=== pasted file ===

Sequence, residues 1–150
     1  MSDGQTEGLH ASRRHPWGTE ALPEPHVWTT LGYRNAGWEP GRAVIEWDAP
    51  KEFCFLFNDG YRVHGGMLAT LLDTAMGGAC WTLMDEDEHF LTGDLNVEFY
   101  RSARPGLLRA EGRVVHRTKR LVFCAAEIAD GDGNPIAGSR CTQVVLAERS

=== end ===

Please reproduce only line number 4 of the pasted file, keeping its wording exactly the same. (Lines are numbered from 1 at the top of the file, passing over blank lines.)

   101  RSARPGLLRA EGRVVHRTKR LVFCAAEIAD GDGNPIAGSR CTQVVLAERS